TheOver the years, the way work is viewed has changed, giving rise to phenomena such as “quiet take off”. Since it is so important to know the meaning and consequences of this concept, we spoke with Filipa Sobral, assistant professor in the School of Education and Psychology at the Catholic University of Portugal.
to me lifestyle per minuteThe professor explains that the “first wave of change” occurred when millennials began entering the job market and questioning certain ideas. For example, in general, this generation does not believe that a job is for life – even because the development of the labor market has determined it.
Thanks to these and other factors, the phenomenon of “quiet take off” has emerged which, according to Felipe Sobral, is “more than a concept”, in fact It may even be “the birth of a new attitude towards work”.
In addition, on the occasion of World Mental Health Day, the professor reflects on the importance of talking about mental health at work, stressing that “companies must effectively prevent the deterioration of the mental health of their workers”. The worker is restricted to carrying out only and only the tasks specified in his job, and not taking on responsibilities beyond his role.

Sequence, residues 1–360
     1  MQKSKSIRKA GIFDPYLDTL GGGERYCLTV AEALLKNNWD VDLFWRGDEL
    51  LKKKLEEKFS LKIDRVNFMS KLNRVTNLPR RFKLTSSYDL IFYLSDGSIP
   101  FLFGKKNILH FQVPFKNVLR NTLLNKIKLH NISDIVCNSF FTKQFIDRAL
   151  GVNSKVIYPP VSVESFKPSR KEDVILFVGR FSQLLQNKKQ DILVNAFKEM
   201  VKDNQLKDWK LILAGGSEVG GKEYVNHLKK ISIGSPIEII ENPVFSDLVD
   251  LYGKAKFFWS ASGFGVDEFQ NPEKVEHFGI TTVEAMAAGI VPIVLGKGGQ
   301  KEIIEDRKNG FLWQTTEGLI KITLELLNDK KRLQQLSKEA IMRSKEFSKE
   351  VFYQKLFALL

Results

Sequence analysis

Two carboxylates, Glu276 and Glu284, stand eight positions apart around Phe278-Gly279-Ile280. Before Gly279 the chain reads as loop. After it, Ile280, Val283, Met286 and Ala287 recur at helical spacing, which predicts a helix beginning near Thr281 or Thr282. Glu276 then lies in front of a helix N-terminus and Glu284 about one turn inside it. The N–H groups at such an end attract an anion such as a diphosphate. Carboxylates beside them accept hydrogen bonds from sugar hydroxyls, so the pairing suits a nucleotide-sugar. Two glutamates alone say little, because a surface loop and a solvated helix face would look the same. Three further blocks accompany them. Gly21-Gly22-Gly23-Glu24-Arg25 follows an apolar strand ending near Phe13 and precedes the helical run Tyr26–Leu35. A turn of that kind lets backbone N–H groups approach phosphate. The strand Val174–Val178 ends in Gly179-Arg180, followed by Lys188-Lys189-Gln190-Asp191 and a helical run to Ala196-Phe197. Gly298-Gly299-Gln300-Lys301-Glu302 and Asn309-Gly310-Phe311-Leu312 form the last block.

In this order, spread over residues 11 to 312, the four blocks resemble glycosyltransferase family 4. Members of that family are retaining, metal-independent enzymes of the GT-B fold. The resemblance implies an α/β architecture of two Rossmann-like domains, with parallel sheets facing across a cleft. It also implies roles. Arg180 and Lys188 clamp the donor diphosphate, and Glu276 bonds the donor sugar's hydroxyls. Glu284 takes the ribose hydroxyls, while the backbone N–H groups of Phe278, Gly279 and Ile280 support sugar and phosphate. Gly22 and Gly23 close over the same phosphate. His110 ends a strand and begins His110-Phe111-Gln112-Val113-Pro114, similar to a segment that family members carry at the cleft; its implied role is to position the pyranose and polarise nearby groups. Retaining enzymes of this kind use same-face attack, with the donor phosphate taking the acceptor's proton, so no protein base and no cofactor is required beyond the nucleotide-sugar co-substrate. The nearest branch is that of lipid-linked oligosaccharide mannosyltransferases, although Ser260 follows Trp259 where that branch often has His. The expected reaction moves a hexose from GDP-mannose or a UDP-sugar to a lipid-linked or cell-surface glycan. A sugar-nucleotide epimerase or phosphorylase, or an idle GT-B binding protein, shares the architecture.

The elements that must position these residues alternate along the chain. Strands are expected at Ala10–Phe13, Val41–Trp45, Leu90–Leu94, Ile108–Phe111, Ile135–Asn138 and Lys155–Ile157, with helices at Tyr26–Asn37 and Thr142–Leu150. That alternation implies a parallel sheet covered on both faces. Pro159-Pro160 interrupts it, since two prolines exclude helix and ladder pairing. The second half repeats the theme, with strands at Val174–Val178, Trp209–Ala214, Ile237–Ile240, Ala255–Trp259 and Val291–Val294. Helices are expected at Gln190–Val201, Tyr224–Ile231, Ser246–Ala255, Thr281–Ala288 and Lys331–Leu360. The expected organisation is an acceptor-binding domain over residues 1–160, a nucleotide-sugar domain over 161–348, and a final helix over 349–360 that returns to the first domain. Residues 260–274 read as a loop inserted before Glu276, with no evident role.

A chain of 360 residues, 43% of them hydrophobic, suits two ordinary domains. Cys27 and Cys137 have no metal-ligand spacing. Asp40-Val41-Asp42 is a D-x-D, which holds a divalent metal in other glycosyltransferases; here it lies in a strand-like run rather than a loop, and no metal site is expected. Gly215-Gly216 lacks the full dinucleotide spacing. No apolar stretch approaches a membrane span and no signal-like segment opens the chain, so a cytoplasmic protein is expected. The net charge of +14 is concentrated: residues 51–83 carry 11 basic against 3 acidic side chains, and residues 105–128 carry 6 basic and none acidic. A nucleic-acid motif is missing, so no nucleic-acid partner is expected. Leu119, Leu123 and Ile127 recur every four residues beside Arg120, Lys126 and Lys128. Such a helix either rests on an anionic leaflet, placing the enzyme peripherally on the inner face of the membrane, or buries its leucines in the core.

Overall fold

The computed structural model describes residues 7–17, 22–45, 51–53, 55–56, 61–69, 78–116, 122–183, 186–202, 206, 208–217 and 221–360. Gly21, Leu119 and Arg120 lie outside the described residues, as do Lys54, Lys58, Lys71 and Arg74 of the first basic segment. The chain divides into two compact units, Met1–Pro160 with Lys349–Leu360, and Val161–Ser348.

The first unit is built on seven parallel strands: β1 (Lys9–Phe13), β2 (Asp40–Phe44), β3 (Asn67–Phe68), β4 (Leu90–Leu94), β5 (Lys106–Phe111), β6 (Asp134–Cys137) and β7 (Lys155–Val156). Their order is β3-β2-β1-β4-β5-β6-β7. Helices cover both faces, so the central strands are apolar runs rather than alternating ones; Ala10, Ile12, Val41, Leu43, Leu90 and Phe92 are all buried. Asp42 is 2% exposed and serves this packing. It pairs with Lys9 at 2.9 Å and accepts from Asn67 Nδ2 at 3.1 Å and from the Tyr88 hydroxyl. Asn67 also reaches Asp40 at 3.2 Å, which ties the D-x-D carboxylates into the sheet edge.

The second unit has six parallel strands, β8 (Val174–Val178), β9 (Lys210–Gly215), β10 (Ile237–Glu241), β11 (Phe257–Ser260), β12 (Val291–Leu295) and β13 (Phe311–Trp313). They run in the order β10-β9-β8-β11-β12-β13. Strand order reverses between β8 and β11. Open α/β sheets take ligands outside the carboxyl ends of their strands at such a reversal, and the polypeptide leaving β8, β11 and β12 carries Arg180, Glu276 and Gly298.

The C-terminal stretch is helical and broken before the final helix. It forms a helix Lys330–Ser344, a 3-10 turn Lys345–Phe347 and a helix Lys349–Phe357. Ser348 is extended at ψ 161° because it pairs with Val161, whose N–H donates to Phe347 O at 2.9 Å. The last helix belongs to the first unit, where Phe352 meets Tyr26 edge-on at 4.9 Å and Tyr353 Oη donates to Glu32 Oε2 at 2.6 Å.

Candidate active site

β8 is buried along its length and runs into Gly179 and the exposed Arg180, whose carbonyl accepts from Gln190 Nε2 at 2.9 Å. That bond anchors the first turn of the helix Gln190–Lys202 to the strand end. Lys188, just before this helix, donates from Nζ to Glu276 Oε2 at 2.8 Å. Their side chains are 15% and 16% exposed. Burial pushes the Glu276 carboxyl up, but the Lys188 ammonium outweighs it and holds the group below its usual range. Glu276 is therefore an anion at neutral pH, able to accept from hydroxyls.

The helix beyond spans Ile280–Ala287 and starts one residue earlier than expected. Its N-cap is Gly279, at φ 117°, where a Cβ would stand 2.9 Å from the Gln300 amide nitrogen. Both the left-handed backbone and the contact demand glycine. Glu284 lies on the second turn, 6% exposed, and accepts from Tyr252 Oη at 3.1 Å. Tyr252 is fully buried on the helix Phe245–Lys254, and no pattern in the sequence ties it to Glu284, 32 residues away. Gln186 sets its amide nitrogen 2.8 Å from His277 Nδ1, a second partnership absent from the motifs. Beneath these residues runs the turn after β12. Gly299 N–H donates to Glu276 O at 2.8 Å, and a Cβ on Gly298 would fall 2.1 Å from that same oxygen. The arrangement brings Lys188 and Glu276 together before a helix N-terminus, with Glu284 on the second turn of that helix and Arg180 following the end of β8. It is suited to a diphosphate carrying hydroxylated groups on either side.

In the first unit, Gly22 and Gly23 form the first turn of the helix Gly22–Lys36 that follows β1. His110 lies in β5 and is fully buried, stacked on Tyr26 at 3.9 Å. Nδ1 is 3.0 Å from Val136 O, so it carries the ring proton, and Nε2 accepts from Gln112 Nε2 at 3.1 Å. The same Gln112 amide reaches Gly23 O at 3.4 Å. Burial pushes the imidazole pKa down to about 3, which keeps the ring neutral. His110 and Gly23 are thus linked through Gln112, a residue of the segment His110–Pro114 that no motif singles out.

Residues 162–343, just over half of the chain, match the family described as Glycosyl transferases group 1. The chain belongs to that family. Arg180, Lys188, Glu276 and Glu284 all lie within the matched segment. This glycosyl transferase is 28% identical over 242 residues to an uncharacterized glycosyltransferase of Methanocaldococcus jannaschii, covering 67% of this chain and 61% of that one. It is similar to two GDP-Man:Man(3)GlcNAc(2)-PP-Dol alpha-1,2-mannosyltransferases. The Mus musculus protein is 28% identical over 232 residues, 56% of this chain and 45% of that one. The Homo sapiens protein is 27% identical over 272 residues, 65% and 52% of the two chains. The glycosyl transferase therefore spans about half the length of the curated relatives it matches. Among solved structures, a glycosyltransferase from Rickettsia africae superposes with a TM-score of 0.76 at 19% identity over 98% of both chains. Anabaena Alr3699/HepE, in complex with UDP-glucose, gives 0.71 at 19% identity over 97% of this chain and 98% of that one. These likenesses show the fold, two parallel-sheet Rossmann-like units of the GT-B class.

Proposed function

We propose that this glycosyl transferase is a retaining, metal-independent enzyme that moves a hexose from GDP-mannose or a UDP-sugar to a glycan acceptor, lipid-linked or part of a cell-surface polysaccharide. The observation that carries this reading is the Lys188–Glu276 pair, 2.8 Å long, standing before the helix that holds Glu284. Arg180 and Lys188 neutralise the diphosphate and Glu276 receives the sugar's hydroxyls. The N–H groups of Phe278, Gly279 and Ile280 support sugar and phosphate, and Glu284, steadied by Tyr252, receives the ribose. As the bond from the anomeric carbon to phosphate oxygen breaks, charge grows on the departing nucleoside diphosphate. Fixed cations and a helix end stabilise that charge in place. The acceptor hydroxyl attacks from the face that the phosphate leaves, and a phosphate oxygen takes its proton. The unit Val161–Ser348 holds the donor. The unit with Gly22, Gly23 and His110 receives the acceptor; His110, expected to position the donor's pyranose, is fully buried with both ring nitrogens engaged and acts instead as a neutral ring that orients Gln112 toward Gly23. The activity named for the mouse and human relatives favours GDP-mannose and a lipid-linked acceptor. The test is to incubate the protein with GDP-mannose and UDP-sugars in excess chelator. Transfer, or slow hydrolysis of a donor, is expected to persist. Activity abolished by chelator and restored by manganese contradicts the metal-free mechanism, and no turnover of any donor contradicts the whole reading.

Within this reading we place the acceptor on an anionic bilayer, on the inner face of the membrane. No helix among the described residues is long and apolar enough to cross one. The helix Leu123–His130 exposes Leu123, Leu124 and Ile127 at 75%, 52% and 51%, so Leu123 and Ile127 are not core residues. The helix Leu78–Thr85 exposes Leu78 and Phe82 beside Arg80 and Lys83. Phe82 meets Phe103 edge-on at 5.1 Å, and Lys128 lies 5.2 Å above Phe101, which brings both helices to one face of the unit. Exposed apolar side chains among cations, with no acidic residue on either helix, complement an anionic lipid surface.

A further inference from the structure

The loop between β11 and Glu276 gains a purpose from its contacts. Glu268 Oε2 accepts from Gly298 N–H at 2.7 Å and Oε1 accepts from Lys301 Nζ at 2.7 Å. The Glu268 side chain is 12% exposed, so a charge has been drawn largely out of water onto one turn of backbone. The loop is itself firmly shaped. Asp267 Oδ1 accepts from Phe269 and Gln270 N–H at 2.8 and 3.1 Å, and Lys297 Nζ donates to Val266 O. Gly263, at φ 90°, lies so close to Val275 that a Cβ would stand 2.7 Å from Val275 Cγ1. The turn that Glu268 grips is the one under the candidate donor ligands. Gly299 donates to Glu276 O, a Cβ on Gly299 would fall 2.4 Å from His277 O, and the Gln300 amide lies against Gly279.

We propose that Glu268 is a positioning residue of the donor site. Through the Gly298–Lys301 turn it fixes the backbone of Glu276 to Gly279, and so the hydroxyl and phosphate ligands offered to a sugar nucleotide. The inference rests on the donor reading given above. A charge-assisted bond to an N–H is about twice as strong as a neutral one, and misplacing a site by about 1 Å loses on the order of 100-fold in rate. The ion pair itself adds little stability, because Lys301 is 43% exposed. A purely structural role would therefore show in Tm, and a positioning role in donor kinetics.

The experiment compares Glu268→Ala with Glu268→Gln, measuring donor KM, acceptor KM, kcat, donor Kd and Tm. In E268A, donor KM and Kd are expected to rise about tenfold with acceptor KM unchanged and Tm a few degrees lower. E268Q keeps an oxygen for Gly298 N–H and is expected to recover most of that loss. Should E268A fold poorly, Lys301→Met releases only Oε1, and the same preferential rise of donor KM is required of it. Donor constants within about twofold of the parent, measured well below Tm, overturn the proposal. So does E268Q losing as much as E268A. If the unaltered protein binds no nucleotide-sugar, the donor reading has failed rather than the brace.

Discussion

How did the concept of “quiet take off” appear? And what does that mean?
The concept of “quiet take off” appears in a very special context resulting from two years of pandemic, confinement and remote work, along with the arrival of new generations to the market, for whom work is no longer, as for previous generations, the center of your life. More than just a concept, Quiet Resignation can be the birth of a new attitude toward work, as companies have to learn to deal with, adjust expectations and change themselves, and what they believe is the ideal of the working relationship they do. Accommodation with their workers.
There is not yet an academic and stable definition of “quiet take off,” but the testimonies that are shared and the analyzes and comments related to this phenomenon indicate behavior in which a worker limits themselves to the tasks set out in their role, does not take on responsibilities beyond theirs, does not work overtime and is not available to participate In initiatives/activities beyond their time or job.
Could it be harmful? Whose? For workers or for employers?